Many attempts have been made to provide an effective auxiliary light to meet the needs of the night fisherman. For example, lights of this type have been marketed which bolt directly to the gunwales or walls of the boat. While such a mounting method is capable of holding the lights in place while the boat is underway, it is obvious that they cannot be easily moved from one location in the boat to another. Other mounting means have been tried, the most common being the use of suction cups. The suction cups are typically attached rigidly to the light fixture and are adapted to be removably stuck to the gunwales or sides of the boat. However, the suction cups have not proven to be effective since they are not easily moved nor are they capable of holding an auxiliary light in place under the severe vibration experienced while the boat is underway at high speeds in rough water.
In view of the foregoing discussion it will be apparent that existing bass boat auxiliary lighting systems do not provide a truly effective light which can be quickly redirected or moved, while fishing. Moreover, most prior art devices are not capable of remaining in place under the severe vibration conditions which often occur when underway at high speeds.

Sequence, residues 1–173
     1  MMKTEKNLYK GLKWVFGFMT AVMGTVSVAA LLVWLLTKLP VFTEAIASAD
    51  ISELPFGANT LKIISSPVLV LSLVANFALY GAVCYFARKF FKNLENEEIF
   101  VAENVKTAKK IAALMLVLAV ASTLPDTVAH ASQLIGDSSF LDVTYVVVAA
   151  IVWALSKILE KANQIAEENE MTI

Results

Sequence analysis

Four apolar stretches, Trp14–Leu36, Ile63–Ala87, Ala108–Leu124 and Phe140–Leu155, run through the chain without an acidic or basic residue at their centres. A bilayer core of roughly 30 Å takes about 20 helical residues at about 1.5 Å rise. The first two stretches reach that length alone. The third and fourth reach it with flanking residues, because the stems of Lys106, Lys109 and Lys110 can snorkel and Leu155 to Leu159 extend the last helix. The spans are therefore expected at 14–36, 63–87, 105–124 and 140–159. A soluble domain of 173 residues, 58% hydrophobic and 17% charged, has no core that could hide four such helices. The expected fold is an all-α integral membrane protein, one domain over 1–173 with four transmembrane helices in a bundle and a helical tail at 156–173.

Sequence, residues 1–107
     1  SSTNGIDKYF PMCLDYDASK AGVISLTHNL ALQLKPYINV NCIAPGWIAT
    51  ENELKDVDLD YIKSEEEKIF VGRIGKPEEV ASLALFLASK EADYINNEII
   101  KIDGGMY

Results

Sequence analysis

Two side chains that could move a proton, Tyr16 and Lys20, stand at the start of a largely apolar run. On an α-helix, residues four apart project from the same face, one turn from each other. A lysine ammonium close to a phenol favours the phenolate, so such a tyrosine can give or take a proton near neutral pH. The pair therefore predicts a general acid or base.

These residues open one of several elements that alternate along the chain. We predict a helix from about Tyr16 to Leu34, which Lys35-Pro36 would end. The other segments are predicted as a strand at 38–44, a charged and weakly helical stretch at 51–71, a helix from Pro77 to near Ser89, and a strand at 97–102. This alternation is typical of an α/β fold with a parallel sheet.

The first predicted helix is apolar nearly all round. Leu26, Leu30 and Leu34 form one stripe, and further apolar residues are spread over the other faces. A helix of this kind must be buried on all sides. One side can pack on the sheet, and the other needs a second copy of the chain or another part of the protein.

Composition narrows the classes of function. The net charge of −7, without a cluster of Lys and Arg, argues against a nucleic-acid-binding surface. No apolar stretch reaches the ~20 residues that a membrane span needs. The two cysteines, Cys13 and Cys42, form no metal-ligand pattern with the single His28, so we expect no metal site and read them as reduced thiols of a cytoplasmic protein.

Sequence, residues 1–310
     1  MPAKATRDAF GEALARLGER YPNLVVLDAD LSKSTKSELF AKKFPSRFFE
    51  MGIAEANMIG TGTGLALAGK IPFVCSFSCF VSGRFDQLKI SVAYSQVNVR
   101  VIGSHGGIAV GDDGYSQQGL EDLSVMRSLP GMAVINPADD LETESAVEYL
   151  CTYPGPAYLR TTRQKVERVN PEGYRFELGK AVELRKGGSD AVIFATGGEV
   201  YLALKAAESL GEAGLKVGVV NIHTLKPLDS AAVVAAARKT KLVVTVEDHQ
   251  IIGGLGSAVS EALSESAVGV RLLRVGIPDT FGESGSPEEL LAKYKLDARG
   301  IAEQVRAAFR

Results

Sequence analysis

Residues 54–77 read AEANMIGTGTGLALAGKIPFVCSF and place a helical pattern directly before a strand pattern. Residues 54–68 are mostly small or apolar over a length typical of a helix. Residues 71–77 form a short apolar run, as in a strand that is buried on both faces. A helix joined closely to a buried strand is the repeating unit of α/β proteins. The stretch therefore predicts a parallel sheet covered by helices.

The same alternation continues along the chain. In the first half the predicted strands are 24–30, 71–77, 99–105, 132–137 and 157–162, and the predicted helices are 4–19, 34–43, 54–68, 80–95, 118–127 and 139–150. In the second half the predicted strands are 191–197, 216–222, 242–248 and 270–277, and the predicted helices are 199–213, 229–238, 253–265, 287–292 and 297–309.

It is therefore the object of this invention to overcome the above mentioned shortcomings by providing a lighting system for a bass boat which may be quickly and easily directed and moved from one position to another within the boat, and is at the same time mounted so as to withstand the severe vibration often encountered in a boat of this type.
The present invention is a lighting system for low-profile, high speed fishing boats, commonly referred to as bass boats.
The invention comprises a rectangular light housing which is adapted to be mounted above gunwales of the boat so as to illuminate the area surrounding the occupants of the boat while fishing at night. The light housing is mounted with the unique combination of a closely dimensioned tapered pin which frictionally engages a closely dimensioned tapered hole within a receptacle mounted to the gunwale of the boat.